The Fight to Decarbonize Needs Solar Workers

The Fight to Decarbonize Needs Solar Workers

An obstacle in the fight to decarbonize with a solar energy solution is the need for workers. Cornell University researchers look at the solar workforce, job quality, and industry racial disparities.
A notable difficulty in the fight to decarbonize the world using solar energy is the growing demand for skilled and experienced photovoltaic workers. Under a high-electricity demand scenario, it is projected that the U.S. will need 1,118 gigawatts (GW) of solar energy by 2050, concluded the authors of “Exploring the Conditions of the New York Solar Workforce.” And despite increasing its solar installation by over 2,000 percent in the past decade, “by the end of 2023, only 5.56 GW of solar capacity had been installed in the state,” the report by the Climate Jobs Institute (CJI) concluded. 

New York State (NYS) will need 60 GW by 2050, making solar installations in the state critical, said Avalon Hoek Spaans, CJI’s assistant director of research at Cornell University’s ILR School, who concluded that “climate solutions, especially renewable installations like solar are not happening at the scale and pace science demands.” Further problematic is that the jobs that are created are “low-quality, low-wage work,” Spaans added.

Source: Exploring the Conditions of the New York Solar Workforce
According to the latest information for the U.S. Bureau of Labor Statistics, the mean hourly wage for solar photovoltaic installers, for example, is $25.55, with a mean annual wage of $53,140. This is below the U.S. average wage of $65,470. 

“We need to figure out mechanisms to rapidly scale this work but do so while ensuring these are high-quality, family-sustaining jobs that are accessible to frontline communities,” Spaans explained. “We can utilize the build out of these solutions to decrease climate risks to the most vulnerable communities in our country by creating employment with things like benefits, retirement, and paid time off.” 

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The April 2024 report examined the solar workforce in NYS. It found that job estimates based on industry data may be inaccurate. Specifically, it found that NYS workers do not all live in the state, instead work in multiple states, and often move to where the jobs are. “Throughout the state, projects are being installed and maintained by large national companies,” the report noted. They also found that the workers sampled were almost exclusively non-union, and those who worked full-time and were directly employed by solar companies often did not receive benefits. 

Finally, over 30 percent of those sampled reported they were paid per panel installed. And what further complicates productivity in the industry is the work itself, which is filled with occupational hazards. “The current pay ranges and travel requirements already limit recruitment options,” explained Jillian Morley, research support specialist. “So as we begin to see more people have to drop out of the industry because of the normal strain this kind of work can put on the body, it’s possible that the number of workers simply won’t be enough to build out adequate solar infrastructure.”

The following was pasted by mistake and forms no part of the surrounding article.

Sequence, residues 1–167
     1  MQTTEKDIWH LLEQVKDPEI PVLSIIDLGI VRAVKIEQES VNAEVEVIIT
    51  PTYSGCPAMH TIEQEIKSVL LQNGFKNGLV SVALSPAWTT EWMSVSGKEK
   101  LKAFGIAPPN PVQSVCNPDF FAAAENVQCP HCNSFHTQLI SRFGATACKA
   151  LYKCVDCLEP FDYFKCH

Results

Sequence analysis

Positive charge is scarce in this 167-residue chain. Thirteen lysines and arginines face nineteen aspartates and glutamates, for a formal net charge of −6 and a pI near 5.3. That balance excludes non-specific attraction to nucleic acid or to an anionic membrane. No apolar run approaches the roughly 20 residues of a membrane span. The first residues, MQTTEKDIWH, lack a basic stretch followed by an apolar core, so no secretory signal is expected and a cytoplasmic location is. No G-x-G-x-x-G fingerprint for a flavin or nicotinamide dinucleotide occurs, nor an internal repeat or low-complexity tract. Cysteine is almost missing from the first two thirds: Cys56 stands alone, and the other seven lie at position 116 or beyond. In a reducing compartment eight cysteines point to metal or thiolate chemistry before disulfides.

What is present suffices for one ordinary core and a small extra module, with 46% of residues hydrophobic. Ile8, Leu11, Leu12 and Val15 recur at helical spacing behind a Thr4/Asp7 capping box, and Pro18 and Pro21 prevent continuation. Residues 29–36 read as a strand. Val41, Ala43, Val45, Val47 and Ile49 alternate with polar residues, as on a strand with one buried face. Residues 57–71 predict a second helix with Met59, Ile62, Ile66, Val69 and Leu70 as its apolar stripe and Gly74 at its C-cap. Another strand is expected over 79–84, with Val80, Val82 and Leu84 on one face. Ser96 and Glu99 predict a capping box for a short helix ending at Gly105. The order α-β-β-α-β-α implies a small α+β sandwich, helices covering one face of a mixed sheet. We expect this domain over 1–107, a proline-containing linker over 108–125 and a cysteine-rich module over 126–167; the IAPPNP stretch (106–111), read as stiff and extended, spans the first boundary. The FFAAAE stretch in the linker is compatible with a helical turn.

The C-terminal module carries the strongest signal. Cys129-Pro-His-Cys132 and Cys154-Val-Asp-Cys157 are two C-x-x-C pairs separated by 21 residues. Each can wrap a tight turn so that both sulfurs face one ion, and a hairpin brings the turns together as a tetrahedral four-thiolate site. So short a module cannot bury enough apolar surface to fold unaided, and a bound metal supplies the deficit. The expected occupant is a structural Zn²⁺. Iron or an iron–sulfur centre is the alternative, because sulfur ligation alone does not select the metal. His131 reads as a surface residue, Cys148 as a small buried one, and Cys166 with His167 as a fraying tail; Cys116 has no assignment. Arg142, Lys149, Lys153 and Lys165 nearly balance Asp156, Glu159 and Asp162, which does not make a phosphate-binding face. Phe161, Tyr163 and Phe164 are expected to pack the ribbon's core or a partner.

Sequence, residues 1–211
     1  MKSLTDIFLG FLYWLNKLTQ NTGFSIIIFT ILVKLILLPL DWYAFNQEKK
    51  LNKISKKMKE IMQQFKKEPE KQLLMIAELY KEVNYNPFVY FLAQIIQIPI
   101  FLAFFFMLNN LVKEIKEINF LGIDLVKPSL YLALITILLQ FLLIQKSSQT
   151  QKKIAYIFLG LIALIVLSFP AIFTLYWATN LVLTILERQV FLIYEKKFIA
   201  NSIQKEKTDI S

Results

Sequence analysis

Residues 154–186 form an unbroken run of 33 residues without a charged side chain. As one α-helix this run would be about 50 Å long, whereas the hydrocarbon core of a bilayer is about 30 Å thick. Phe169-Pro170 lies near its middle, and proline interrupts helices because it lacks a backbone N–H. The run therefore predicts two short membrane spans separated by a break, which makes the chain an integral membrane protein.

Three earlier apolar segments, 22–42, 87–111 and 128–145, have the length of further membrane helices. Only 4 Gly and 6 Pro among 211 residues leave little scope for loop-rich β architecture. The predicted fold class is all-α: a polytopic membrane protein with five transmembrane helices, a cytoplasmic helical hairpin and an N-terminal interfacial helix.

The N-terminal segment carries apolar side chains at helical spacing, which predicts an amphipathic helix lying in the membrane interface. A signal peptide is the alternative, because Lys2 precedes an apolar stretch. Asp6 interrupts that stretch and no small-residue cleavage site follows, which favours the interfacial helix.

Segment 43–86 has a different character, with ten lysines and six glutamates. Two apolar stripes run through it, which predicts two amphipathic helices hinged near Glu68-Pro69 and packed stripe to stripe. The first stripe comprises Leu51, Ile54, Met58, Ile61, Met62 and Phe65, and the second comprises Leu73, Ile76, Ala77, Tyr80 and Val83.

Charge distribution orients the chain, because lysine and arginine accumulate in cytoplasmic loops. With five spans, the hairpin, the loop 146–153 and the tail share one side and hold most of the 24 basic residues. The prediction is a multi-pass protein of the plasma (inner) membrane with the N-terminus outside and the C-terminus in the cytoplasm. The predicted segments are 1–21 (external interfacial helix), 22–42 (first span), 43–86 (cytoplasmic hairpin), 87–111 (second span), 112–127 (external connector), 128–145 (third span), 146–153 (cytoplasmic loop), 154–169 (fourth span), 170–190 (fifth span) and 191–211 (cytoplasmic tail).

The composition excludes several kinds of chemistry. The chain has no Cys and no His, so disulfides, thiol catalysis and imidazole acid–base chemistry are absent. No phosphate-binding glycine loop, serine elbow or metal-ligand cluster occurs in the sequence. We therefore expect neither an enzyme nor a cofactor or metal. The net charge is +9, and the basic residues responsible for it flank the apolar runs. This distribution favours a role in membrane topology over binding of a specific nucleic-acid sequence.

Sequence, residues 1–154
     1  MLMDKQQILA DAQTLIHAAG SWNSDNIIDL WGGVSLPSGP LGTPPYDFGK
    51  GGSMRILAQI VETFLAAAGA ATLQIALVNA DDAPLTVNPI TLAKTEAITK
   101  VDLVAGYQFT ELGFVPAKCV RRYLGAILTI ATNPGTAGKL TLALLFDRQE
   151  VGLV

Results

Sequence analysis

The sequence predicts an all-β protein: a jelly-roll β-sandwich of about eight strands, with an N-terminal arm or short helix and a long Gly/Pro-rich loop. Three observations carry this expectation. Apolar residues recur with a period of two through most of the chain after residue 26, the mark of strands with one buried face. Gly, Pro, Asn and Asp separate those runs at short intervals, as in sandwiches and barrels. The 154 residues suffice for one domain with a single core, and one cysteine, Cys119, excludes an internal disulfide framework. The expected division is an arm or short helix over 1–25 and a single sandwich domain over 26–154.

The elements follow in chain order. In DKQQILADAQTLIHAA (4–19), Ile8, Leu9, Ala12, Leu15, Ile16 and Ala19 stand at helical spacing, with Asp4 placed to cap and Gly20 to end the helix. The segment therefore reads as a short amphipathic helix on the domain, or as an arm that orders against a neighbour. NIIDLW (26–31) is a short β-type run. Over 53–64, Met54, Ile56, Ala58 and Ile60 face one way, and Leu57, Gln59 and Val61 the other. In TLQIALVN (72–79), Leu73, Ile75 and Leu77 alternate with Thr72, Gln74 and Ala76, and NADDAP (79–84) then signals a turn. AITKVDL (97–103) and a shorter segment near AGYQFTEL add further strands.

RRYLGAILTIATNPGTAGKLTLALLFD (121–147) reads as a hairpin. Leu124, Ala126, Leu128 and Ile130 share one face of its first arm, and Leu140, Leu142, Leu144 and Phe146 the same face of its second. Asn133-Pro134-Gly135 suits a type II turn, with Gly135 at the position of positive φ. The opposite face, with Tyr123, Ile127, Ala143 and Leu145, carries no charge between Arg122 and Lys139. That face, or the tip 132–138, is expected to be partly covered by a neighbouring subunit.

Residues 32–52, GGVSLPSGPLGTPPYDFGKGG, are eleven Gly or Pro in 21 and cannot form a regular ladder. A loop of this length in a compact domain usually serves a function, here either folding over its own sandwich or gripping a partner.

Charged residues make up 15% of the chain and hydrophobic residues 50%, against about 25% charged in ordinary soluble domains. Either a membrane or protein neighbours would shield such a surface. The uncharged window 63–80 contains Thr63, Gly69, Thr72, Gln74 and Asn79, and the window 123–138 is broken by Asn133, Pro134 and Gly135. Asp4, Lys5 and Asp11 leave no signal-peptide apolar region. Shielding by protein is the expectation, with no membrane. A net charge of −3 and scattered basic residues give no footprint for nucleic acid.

Source: Exploring the Conditions of the New York Solar Workforce

The researchers partner with the Climate Jobs National Resource Center and work closely with labor unions across the country as well as various government agencies. Morley sees wages as one area that is a challenge but one that can be met.

“There are challenges around benefits and workplace hazards that will be more complicated to address, but paying solar workers a fair, fixed wage is a straightforward solution that solves several issues,” she explained. “Fair, fixed wages will attract more workers, enable people to pay for their own benefits, and reduce adverse incentives related to piece rate pay. What is needed is a “sectoral minimum wage for solar work,” Spaans concluded.

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At this point in time, the researchers view their greatest challenge as the industry information needed to make state policy decisions. "Right now, the majority of what we know about the industry comes directly from employers,” Spaans explained. “However, through our study, we found many workers work across multiple employers. We need more investment in research that centers worker voice to truly understand what is happening in this rapidly changing industry.”

The information the researchers did find uncovered racial disparities. White workers, who may have been under sampled in the study, were still “more likely to report longer tenure with their employers” and paid an annual salary nearly twice the median rate of their Black and Hispanic counterparts. And Black workers were more likely to report receiving cash payments compared to other workers, as well as more likely to have experienced wage theft while working on a state solar project. 

Gathering information is “necessary to address problems like racial disparities, occupational hazards, and lack of access to benefits,” Spaans said. Morley agreed and added, “Multi-employer work and worker transience in the industry—this presents serious obstacles around benefits administration.”

Cathy Cecere is membership content program manager.

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